Tuesday, 3 April 2018
What Makes Delusions Pathological?
Today’s post is provided by Jorge Gonçalves of IFILNOVA, Universidade Nova de Lisboa (UNL) and the Lisbon Mind & Reasoning Group (group included in IFILNOVA). In this post he provides a summary of his chapter "Why are delusions pathological?" in Hipólito, I., Gonçalves, J. Pereira, J. G. Schizophrenia and Common Sense: explaining the relation between madness and social values.
The aim of the article is to identify a characteristic of delusions: that which makes them pathological. This aim may appear a bit strange at first because one believes that delusions just are a pathological alteration of the mind. However, some authors have shown that although pathological delusions are the most studied, not all delusions have necessarily harmful consequences for the delirious subject or for others. Hence, it seems pertinent to question what makes delusions a pathological state.
“Pathological” is here understood as that which damages the subject (not that which deviates from the norm). Delusions are defined in DSM-5 as “false beliefs” but some have been argued that delusions are not beliefs but another kind of mental state. Here I adopt a model – the Multiple Realities Model - that considers delusions as experiences, not beliefs. But at the same time I admit the two perspectives are not incompatible.
The Phenomenological Multiple Realites Model of Schütz/Gallagher maintains that everyday reality is not the only reality in which consciousness can be found. There are several realities, each having a different cognitive style. Usually the so-called “accent of reality” is placed on everyday reality, which is the paramount reality. In this reality, we accept the given world without questioning it, without questioning its reality. But Schütz refers to and analyzes other realities, highlighting their relationship with everyday reality: the worlds of fantasies, dreams, scientific theory, art, children’s game, and the insane. Gallagher includes here “delusion”.
The model explains certains paradoxes of delusion, for example, the internal incoherence of the actions of subjects with delusions: a subject can alternate between states of delusion and states of everyday consciousness. Viewed from the outside one can think that the subject does not believe in her delusion. However, a subject can have beliefs within the delusion so there is no incompatibility between the subject’s experience of the delusion and having a belief in the delusional thought. From the point of view of others the beliefs of the subject are about external reality, but the beliefs are actually about another reality: the reality of the delusion.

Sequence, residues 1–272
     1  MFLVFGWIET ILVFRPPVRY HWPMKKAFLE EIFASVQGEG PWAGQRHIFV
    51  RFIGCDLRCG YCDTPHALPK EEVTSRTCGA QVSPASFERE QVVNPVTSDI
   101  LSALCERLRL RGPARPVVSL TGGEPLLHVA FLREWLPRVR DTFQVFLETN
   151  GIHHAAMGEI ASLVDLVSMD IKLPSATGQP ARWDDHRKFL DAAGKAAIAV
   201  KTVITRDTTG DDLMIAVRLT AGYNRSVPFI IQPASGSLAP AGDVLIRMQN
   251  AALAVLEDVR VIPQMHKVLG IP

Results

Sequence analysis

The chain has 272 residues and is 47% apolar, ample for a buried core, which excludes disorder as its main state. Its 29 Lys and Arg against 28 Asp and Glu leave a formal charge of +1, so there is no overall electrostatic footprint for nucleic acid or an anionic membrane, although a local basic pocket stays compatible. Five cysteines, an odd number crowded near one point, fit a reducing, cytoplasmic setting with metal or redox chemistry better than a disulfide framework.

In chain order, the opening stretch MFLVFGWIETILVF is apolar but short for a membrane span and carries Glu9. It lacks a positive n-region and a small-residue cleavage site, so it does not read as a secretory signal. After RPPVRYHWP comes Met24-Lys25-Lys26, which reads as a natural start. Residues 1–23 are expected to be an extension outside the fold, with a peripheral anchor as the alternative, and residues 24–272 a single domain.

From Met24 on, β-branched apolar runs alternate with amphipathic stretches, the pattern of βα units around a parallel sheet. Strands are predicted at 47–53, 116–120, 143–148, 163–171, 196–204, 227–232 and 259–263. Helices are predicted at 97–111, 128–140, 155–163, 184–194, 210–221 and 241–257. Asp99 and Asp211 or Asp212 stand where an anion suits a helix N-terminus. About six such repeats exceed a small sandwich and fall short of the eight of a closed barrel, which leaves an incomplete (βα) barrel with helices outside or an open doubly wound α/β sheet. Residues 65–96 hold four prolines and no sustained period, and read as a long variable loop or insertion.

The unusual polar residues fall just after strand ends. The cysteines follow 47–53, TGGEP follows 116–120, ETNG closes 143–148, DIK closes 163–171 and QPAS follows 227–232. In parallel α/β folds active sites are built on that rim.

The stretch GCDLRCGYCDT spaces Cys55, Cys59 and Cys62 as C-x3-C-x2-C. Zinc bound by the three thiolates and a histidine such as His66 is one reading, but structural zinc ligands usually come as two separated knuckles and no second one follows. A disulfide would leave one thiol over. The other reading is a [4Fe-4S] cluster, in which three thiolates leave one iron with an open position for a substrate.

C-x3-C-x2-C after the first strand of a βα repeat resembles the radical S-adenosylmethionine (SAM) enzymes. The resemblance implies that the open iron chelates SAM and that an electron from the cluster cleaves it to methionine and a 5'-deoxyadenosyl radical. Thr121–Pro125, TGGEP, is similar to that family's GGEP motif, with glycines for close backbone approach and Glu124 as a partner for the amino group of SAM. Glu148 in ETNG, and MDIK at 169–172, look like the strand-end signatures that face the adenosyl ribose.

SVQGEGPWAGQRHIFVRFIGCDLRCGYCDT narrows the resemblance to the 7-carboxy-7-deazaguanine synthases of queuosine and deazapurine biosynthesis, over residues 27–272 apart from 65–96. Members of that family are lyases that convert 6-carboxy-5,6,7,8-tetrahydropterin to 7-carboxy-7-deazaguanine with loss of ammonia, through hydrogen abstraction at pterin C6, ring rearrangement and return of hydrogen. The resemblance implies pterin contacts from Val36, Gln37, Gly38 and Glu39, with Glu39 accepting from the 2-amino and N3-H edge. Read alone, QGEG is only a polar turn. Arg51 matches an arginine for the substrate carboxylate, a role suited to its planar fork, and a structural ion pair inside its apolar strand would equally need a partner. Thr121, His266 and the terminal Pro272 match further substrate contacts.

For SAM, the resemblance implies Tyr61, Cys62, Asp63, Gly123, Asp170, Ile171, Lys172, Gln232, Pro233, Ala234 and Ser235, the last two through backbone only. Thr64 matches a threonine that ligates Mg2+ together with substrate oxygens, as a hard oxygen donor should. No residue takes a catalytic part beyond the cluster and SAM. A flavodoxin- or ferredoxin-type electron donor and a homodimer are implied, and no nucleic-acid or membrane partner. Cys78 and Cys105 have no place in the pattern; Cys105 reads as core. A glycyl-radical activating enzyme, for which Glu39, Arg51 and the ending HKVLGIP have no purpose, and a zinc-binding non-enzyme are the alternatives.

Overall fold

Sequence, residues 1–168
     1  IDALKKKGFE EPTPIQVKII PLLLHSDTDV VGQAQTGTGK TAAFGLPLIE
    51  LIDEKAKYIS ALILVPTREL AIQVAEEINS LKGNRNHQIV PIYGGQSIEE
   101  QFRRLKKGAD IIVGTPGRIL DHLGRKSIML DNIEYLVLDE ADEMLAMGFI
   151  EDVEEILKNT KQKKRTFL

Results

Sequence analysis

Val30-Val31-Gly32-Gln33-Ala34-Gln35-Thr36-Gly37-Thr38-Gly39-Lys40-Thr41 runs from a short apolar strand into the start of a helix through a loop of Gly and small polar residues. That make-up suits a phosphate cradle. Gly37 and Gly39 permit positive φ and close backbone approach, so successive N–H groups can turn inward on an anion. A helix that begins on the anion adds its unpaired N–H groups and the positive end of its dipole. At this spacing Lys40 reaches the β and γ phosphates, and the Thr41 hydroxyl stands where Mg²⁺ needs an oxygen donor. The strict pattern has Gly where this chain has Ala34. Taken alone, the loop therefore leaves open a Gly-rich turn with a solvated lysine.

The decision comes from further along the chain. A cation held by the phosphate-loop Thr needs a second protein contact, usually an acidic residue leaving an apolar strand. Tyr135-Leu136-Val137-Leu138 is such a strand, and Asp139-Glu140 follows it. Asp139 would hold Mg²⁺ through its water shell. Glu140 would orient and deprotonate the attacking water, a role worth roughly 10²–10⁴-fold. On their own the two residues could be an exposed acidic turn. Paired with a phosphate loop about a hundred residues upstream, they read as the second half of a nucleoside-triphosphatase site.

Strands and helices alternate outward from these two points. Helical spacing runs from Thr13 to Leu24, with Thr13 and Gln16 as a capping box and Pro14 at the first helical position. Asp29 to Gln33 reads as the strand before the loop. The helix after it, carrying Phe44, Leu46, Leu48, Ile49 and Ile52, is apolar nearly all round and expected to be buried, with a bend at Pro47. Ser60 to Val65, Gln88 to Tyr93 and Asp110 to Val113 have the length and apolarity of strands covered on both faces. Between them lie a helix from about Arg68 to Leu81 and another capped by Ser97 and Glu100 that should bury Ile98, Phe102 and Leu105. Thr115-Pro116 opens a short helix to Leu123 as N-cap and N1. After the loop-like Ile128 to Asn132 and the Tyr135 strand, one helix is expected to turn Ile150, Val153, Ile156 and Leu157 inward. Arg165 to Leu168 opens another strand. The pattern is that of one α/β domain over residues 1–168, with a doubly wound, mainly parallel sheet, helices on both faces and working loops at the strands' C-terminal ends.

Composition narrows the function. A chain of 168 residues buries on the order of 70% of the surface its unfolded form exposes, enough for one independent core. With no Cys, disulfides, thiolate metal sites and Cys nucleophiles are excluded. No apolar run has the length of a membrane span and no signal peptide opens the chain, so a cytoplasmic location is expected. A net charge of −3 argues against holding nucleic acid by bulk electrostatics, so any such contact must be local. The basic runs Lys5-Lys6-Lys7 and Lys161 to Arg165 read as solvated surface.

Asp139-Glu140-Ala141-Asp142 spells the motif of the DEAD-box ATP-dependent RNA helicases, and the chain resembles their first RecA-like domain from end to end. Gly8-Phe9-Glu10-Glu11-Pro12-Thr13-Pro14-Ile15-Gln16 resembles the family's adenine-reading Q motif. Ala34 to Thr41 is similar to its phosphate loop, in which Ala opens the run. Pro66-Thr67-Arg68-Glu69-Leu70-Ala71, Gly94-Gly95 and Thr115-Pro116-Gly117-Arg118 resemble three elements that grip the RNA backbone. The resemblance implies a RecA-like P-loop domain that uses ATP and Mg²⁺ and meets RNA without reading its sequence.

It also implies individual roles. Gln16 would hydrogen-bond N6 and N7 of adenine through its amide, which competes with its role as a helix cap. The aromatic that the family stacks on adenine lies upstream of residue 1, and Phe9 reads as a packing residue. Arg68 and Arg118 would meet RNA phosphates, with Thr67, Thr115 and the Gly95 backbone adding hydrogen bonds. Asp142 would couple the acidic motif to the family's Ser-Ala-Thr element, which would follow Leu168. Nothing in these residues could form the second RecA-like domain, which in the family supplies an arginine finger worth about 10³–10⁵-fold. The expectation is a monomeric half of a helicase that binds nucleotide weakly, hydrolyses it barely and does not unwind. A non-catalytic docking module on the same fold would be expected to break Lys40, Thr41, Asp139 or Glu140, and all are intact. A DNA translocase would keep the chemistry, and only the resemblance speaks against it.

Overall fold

How can the pathology of delusions be understood within the model of Multiple Realities? In contrast to dreams, fiction and other alternative realities there is a conflict between delusion and everyday reality. This happens because in delusion there is no suspension of belief (as happens in fiction, for example). The subject mixes the alternative reality “delusion” with everyday reality. Delusion is not an intellectual game but a powerful experience that involves the entire life of the person. But why must this experience be considered pathological? It separates the subject from the shared world with others yielding isolation and maladjustment. That is why people with delusion asked for psychiatric help.
But not all delusions have harmful consequences for the life of the individual. Jackson (2007) refers three kinds of delusions that can be benign for the individual: survival in extreme conditions, creative activity and mystical experiences. They are delusions because they are a reality alternative to everyday reality and the two realities are confused. However, the content of that alternative reality does not have negative consequences for the life of the subject. Hence, if one analyses pathology by its consequences, not all delusions are harmful, some of them can have positive effects.